The 1950s was an era of real heroes when guys like Mickey Mantle and Audie Murphy were constantly in the news. It was hard for any parent to argue against any hero that was everywhere you went, telling kids to eat all the food on their plates, go to Sunday School, mind your parents, be kind to animals, ride your bicycle safely, and study hard. When the rodeo came to cities such as Fort Worth, Texas, many people went not to watch the bull-dogging or bronc busting but to see in person Roy Rogers, "King of the Cowboys," ride Trigger out into that big arena and put the horse through all his famous tricks. It might be hard to conceive of all this today, for we do not have cowboys like this anymore, and we do not have heroes like Roy Rogers anymore either.
All of these heroes rode into a final glistening sunset in the era this book addresses. We might, as adults now, realize that there were some huge money-minded corporations behind the making of icons like Roy. There were corporate giants in advertising—the Madison Avenue folks, the big publishing houses, Hollywood, network television, etc., and they had a lot to do with it all, but the story does not stop there and is not that simple. Although these organizations helped to create the image they desired to sell, it would not have all come together if there had not been some mighty tall men to fill the saddles and if the powers-that-were did not have a person who could protect and maintain that image and thus protect the investment of all concerned.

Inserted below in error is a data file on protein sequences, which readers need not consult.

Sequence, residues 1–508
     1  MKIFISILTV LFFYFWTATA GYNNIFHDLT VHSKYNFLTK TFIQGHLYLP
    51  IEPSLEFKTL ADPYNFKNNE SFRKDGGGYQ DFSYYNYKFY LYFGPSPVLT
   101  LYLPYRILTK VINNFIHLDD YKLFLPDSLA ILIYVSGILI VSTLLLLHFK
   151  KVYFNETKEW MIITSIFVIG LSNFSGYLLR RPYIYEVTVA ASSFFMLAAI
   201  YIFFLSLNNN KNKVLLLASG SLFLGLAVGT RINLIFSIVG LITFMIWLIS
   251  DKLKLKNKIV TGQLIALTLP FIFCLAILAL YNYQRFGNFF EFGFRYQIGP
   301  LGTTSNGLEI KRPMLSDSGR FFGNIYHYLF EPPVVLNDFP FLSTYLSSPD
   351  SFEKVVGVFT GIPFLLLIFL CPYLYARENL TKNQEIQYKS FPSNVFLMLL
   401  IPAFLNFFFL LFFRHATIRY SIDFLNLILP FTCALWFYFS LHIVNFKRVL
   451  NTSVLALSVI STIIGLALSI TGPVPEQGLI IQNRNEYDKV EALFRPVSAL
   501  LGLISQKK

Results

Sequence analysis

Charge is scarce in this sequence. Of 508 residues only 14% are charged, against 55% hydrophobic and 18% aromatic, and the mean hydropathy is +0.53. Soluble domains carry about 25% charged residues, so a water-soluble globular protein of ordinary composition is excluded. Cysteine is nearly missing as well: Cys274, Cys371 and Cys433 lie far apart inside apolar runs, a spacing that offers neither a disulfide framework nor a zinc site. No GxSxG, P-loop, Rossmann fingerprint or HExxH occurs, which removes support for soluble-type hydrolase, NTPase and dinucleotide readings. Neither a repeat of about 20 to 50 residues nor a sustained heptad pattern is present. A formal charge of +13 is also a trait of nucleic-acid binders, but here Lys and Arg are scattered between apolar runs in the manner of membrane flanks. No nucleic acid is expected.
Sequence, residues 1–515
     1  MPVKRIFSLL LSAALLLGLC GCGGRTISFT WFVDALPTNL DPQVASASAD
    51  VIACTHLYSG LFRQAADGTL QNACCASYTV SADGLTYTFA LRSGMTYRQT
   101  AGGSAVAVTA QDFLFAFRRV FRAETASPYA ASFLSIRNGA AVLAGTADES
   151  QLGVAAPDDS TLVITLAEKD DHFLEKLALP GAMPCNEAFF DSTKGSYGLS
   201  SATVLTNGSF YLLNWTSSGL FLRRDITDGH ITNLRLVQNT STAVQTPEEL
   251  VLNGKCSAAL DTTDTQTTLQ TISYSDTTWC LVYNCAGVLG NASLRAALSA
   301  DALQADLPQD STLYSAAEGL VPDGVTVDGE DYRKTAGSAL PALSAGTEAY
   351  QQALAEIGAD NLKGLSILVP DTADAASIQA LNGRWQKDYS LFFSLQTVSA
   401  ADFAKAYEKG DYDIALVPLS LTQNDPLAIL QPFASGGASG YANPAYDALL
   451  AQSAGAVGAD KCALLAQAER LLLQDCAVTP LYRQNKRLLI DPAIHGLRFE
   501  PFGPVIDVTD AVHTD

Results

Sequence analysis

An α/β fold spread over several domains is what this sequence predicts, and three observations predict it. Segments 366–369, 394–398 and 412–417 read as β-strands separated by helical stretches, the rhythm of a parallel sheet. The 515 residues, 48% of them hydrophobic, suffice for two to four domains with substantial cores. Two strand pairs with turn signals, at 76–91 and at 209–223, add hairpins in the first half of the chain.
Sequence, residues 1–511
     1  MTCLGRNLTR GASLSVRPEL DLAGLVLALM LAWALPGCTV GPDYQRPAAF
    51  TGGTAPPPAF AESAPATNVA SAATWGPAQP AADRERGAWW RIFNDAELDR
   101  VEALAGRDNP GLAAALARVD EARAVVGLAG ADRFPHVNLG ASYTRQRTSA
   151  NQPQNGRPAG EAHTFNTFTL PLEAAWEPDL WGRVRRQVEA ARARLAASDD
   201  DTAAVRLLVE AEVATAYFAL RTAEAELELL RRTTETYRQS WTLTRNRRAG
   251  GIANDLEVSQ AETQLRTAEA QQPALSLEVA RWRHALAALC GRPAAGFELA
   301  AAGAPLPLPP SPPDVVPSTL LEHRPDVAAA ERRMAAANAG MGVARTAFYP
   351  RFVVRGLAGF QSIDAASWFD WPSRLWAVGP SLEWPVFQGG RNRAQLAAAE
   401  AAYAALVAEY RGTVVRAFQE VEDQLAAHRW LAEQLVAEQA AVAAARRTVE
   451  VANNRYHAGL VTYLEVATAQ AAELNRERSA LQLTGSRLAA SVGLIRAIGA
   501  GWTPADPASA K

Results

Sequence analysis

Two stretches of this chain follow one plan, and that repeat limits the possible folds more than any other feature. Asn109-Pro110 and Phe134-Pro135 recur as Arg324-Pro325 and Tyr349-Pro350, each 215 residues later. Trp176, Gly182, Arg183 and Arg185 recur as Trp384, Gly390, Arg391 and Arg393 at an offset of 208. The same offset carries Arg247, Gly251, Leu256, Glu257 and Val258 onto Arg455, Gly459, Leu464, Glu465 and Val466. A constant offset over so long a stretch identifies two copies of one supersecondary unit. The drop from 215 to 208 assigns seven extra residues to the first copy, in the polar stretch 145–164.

There were, throughout these decades, dozens of "whisper" magazines, or "gossip" or "scandal" magazines as they were known then, that contained juicy bits of information on every actor that ever walked around the corner of Hollywood and Vine streets. Well, almost every actor. Roy Rogers was in many magazines throughout the heyday of his career, issue after issue, month after month. But today, when you go out and start rummaging through all the old stacks of magazines from the 1940s and 1950s found in used book stores and flea markets across the country, you can save your time looking through the gossip ones. The magazines in which you will find plenty of articles on Roy, his wife, and his kids, usually all together, are ones like Look, Life, Saturday Evening Post, McCall’s, Good Housekeeping, Better Homes and Gardens, Liberty, Screen Stars, Film Land, Modern Screen, etc. The kind of man Roy Rogers has been, and the kind of character he has portrayed, are suited to these better titles. He provided the Hollywood gossip columnists with little to talk about. They did, however, occasionally follow him and his family to church, and there they got their stories and photographs. He was in all the "class" magazines, in stories aimed at the families of America.